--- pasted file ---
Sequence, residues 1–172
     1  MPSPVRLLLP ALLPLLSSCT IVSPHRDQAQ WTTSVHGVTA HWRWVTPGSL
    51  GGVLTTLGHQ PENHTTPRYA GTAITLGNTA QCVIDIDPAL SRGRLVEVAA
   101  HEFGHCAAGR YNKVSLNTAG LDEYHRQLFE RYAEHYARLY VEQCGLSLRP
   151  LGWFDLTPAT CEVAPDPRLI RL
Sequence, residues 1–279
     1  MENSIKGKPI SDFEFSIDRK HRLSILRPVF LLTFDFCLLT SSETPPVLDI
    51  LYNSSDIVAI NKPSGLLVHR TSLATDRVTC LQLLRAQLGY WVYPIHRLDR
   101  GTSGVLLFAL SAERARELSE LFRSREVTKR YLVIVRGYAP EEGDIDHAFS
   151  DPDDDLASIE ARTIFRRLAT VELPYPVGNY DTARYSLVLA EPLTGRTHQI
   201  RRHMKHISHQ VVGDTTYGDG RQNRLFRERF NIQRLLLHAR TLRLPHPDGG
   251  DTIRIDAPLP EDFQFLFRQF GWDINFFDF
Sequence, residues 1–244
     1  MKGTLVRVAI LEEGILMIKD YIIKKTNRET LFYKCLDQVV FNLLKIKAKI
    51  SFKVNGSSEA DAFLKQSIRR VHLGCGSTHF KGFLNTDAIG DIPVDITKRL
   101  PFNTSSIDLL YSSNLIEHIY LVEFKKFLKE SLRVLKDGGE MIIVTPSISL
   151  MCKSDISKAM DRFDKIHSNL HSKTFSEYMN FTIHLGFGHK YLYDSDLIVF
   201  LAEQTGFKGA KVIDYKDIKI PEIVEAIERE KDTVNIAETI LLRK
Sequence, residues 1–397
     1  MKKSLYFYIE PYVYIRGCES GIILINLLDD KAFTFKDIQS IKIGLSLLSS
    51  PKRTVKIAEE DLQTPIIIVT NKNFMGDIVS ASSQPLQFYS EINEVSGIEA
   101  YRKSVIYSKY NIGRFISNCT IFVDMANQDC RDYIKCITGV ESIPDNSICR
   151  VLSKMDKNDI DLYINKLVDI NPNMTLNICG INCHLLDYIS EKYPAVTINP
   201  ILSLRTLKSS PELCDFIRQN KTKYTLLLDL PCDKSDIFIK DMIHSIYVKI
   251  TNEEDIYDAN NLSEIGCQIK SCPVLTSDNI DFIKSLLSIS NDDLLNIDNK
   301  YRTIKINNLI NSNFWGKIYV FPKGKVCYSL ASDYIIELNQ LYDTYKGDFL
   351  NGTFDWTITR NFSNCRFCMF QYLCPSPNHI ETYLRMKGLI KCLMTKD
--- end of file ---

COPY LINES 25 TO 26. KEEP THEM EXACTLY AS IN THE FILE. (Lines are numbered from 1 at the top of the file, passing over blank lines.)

   251  TNEEDIYDAN NLSEIGCQIK SCPVLTSDNI DFIKSLLSIS NDDLLNIDNK
   301  YRTIKINNLI NSNFWGKIYV FPKGKVCYSL ASDYIIELNQ LYDTYKGDFL